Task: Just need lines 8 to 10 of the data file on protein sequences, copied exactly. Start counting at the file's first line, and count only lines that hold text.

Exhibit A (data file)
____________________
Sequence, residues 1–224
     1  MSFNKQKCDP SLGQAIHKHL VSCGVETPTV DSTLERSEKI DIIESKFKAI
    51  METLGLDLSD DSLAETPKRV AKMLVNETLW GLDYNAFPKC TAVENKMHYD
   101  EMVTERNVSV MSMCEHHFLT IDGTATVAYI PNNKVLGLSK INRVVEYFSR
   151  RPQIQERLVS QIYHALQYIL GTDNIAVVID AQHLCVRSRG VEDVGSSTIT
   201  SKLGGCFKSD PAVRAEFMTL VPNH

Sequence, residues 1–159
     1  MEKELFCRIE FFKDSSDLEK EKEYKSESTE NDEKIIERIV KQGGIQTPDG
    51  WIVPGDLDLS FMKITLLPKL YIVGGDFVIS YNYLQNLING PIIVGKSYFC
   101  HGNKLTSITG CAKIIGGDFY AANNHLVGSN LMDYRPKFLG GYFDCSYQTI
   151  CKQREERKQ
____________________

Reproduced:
     1  MEKELFCRIE FFKDSSDLEK EKEYKSESTE NDEKIIERIV KQGGIQTPDG
    51  WIVPGDLDLS FMKITLLPKL YIVGGDFVIS YNYLQNLING PIIVGKSYFC
   101  HGNKLTSITG CAKIIGGDFY AANNHLVGSN LMDYRPKFLG GYFDCSYQTI